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Notes from the Field
Date: December 5, 2011
Reporting From: Santiago, Chile
Say what you want about him, but Bernie Madoff was a guy who knew how to keep the party going. For years, he ran one of the largest private-sector Ponzi schemes in history and always heeded the golden rule of financial scams: make sure your inflows are greater than your outflows.
He was finally done in when redemptions exceeded new investments. He didn't have enough cash to pay out investors, and he wasn't able to scam more people into paying in to the scheme. As a result, Madoff finally had to admit that the whole thing was a total fraud.
Governments around the world are in similar situations right now with their own public sector Ponzi schemes. Faced with failed auctions, declining demand, and rising yields, politicians are having to resort to desperate measures.
Like any good scam artist, they're appealing to the masses first; all over Europe, governments are sponsoring new marketing campaigns suggesting that it's people's patriotic duty to buy government debt.
In Spain, they're actually issuing instruments called 'Bonos Patrioticos,' or 'patriotic bonds.' Ad campaigns say that the bonds are "good for you, good for the future."
In Ireland, they've issued "Prize Bonds" which carry a 0% interest rate; instead of receiving interest, bondholders are entered into a weekly lottery contest. Naturally, lottery winnings are only possible as long as people keep buying the bonds... pretty much the definition of a Ponzi scheme!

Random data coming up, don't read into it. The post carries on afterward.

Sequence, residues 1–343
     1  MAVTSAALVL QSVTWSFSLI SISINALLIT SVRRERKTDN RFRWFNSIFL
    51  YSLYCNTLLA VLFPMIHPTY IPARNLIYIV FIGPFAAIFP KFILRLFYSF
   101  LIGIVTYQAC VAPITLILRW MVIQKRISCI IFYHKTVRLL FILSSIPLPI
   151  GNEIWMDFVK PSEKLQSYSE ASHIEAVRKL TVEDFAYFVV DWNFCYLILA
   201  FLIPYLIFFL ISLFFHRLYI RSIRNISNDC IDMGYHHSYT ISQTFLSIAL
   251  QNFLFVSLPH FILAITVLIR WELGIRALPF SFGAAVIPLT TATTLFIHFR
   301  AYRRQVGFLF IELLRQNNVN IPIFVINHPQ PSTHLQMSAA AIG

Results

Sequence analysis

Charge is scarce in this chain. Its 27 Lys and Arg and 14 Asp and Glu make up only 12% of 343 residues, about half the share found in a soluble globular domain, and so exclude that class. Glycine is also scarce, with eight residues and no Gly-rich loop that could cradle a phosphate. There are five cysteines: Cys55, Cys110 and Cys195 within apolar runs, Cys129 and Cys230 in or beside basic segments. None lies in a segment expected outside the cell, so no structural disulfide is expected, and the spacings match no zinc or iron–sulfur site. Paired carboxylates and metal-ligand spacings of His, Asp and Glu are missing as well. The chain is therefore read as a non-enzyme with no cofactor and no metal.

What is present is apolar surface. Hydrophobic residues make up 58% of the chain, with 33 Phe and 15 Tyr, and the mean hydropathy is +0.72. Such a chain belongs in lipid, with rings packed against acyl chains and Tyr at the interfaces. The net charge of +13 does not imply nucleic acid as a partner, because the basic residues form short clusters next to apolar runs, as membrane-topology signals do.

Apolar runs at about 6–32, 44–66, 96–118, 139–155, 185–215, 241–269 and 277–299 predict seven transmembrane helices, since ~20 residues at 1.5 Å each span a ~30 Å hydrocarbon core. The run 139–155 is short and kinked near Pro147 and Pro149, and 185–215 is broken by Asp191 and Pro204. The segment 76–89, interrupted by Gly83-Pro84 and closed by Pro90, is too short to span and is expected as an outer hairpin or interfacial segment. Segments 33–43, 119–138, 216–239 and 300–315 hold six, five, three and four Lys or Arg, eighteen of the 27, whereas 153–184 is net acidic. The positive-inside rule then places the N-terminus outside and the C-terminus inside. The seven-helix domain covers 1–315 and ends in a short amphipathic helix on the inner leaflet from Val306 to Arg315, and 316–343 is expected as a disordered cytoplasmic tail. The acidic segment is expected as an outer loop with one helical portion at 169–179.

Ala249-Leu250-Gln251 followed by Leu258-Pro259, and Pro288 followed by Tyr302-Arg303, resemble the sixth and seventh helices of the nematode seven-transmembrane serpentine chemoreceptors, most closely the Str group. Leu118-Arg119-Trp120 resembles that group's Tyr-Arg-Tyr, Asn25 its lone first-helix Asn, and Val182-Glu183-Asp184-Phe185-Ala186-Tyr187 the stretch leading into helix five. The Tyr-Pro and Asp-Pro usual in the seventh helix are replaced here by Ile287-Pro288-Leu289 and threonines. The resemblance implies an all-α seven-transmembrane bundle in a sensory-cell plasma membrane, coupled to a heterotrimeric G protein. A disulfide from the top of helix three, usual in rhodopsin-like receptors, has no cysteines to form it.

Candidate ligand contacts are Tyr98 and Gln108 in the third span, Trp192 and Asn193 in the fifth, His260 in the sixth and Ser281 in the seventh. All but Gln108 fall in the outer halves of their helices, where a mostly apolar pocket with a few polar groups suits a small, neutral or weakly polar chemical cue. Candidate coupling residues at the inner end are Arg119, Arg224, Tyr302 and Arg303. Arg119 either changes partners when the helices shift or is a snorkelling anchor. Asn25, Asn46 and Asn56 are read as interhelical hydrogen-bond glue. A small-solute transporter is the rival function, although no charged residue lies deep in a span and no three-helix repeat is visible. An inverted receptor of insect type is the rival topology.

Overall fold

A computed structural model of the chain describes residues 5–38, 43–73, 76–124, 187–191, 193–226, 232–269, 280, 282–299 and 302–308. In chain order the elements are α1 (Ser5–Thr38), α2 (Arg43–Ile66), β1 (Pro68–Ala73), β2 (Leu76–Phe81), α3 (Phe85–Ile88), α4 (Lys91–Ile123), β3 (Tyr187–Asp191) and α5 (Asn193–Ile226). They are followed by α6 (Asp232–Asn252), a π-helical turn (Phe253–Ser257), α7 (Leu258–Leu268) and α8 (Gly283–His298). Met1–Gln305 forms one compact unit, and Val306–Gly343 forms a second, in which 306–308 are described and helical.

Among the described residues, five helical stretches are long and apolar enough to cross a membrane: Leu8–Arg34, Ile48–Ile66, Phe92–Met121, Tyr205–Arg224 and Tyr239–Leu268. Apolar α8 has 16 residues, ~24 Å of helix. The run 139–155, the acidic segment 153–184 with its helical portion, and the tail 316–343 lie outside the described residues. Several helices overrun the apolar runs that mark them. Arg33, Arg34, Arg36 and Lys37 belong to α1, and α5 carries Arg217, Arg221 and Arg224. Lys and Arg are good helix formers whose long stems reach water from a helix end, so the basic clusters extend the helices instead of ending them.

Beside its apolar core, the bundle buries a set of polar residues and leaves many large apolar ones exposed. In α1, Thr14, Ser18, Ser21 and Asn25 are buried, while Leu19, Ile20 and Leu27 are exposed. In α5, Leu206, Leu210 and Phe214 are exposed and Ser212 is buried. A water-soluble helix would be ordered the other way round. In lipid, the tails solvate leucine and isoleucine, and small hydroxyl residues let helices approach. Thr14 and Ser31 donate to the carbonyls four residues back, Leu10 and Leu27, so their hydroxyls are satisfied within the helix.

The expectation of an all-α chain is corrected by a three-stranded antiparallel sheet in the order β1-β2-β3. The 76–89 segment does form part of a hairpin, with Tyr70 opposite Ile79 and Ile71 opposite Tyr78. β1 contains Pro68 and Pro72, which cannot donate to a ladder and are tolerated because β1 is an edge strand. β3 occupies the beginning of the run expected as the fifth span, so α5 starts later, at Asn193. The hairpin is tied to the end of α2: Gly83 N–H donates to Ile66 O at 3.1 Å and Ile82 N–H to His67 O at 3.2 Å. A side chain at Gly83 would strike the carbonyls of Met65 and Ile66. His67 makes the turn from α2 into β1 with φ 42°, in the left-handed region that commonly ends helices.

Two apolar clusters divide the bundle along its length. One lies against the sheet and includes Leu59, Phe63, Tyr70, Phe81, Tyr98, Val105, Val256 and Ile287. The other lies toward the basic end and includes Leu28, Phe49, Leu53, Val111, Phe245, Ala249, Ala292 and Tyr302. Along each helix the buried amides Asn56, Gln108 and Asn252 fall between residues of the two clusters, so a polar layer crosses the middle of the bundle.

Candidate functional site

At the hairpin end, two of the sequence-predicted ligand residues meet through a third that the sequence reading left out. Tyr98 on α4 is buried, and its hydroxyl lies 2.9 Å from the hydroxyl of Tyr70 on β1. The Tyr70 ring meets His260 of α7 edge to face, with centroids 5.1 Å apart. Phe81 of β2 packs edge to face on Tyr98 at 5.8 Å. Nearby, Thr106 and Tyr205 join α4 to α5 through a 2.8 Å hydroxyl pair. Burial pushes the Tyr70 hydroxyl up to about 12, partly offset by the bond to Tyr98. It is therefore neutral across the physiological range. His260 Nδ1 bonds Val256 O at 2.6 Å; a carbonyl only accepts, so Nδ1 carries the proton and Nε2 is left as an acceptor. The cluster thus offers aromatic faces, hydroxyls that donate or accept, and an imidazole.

In Italy, they're rolling out the country's sports celebrities to encourage everyone to buy Italian sovereign debt.
What's ironic is that Italy's dismal balance sheet is almost universally acknowledged. It's as if everyone knows the country has almost no chance of making good on its obligations, but they still feel the need to willingly throw away their hard earned savings for the greater good of political incompetence.
Thing is, it's not the millionaire sports stars, wealthy business leaders, or political elite who are buying these bonds... at least, not in anything beyond a token, symbolic amount. It's the average guy on the street who really stands to get hurt when the government finally capitulates.
This is a truly despicable act and amounts to theft, plain and simple.
The United Kingdom, which is rapidly reaching this banana republic sovereign debt status itself, has unveiled a plan to issue roughly $50 billion in infrastructure bonds. This would be the equivalent of issuing $300 billion in the US-- not exactly chump change.
Given Britain's already colossal debt level, private investors aren't exact diving in head first to loan the government even more money.
Undeterred, British Chancellor George Osborne plans to 'highly encourage' UK pension funds to mop up about 60% of the total amount. "We have got to make sure that British savings in things like pension funds are employed here and British taxpayers' money is well used," he said.
In other words, 'we are going to make sure that British people buy our junk, one way or another.'
The last year has seen numerous pension funds around the world, from the United States to Argentina to Hungary, be raided for the sake of keeping these Ponzi scheme going. The UK is already lining up to be the next.
It's one of the last acts of a truly desperate government to begin directing public and private savings into their Ponzi schemes.
Fast-forward a few downgrades and you can plan on seeing the exact same thing in the United States-- appealing to people's patriotism to loan their hard-earned savings (if they even have any) to the Federal government at a rate of interest that fails to keep up with inflation.
It's nothing more than a very clever (and subtle) form of theft.
Senior Editor, SovereignMan.com